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LasVegas (author)motley2007-03-22

A 1" wire might get hot enough with the 10v supply, but the 20ohm/5w resistor is absolutely necessary. No substitutions! If you used 2 10ohm resistors they would still have to be 5 watt resistors. These will look like a ceramic brick about 1.5" long and 1/4" square or brown ceramic tube about the same size. You cannot use the dimmer with the 10v supply since that supply is already using an internal regulator. If you use the dimmer/transformer setup with that tiny wire, start with the dimmer full down and turn it up just until the wire appears to smoke a tiny bit. It won't take much. Again... Don't use that metal frame!

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motley (author)LasVegas2007-03-22

awesome! thanks a lot! i truly appreciate it. im using the metal frame but im replacing the attachment parts with dowels, so there wont be current going through it. i like the metal frame cos i can tension the wire really easily. oh and the wire is 1 foot long :) here is my final shopping list then: dowels for insulating, 25v 2a trans, dimmer. and i will attach them just like in flywoodkb's tutorial, wall outlet ->dimmer ->transformer -> wire. no resistors. thanks again for being patient.

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trebuchet03 (author)motley2007-03-22

I'm using the metal frame but I'm replacing the attachment parts with dowels, so there wont be current going through it. I like the metal frame because I can tension the wire really easily.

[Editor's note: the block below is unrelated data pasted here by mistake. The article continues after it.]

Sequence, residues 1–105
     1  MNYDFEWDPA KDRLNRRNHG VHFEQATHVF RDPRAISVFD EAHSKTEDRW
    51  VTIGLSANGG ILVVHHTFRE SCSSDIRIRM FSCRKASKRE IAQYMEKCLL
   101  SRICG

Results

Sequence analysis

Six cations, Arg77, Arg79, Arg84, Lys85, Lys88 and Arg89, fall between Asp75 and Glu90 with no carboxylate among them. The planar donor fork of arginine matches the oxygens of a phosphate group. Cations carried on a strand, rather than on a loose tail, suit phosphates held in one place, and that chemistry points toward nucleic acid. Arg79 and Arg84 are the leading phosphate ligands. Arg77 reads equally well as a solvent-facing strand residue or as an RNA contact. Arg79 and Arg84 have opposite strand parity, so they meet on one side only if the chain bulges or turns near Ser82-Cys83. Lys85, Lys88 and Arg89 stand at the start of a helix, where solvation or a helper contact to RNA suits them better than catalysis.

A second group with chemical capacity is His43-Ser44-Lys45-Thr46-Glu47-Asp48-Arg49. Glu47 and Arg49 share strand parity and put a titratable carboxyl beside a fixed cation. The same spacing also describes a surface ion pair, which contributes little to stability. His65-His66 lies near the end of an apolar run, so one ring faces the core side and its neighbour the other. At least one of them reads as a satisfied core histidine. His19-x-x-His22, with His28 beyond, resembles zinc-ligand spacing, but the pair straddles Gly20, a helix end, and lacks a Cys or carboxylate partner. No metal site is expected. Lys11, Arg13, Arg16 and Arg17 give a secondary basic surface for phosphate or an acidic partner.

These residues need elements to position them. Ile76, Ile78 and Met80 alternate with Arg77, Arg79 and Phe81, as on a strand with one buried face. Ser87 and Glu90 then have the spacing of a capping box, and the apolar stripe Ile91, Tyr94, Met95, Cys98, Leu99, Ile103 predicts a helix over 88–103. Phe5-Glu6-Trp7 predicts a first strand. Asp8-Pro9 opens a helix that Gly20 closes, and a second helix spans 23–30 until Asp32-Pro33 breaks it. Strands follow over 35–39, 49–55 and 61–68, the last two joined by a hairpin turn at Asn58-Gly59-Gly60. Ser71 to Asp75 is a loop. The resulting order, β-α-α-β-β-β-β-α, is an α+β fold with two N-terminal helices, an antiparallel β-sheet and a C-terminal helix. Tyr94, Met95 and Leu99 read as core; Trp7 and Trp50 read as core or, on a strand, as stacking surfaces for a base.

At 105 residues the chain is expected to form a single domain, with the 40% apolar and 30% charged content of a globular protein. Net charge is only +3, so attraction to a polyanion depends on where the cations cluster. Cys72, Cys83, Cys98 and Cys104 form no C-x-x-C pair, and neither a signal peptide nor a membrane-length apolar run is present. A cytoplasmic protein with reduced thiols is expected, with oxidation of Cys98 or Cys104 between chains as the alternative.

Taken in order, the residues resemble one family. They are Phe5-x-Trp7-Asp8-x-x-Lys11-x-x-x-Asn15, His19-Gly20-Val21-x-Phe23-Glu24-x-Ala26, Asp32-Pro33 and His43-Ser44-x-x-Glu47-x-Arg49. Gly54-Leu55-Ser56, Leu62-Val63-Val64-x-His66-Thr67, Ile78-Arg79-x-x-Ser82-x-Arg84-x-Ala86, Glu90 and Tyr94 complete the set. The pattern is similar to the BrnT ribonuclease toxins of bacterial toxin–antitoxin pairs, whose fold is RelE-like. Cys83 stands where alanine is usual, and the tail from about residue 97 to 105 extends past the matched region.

I don't think LasVegas stressed it enough..... for safety, you need a frame that will not conduct. That is, should something go wrong... and eventually something will go wrong (guaranteed) - you need to be isolated completely.

Wood frames can be just as easy to tension ;) It's up to the designer (you) on how easy it is to build and adjust ;)

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LasVegas (author)trebuchet032007-03-22

If you keep the metal frame with the dowels, pick up a roll of black electrical tape (This is real cheap!) and cover the frame with the tape. You don't want any metal exposed around the filiment.

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motley (author)LasVegas2007-03-22

ok got me some tape the transformer and a dimmer! tonight i shall construct the deamon. hm im going to try to isolate it as much as i can but what would happen in case of the 24 v toucing the frame? i imagine if the 110 touched it it would be a bit different. my faulty highschool physics tells me that not much would happen because the metal frame has a higher rezistance and the current will prefer the thiner cutting end... tell me it is so and i wont blow a fuse or my house.

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LasVegas (author)motley2007-03-22

Actually the metal frame would have lower resistance than the stanless steel wire. If you short out the transformer you run a high risk or burning out the transformer. The dimmer, if kept below about half way should prevent dammaging the transformer.

I would recommend adding a fuse to the circuit at the earliest convenience. Being that the transformer is 50Watts (25V * 2A) then you should have a 1/2 Amp (50W / 120V = 0.4A) fuse inline with the transformer's primary and dimmer. 1/2A is close enough to protect the transformer.

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motley (author)LasVegas2007-03-26
  • insert uber frowny face*

well hmm i think i got the wrong transformer. or dimmer. nothing happens really, the transformer heats up a bit and when the dimmer is set all the way there is a scary electrical humming sound. I tried it without attaching it to the table, so there is only a piece of wire in between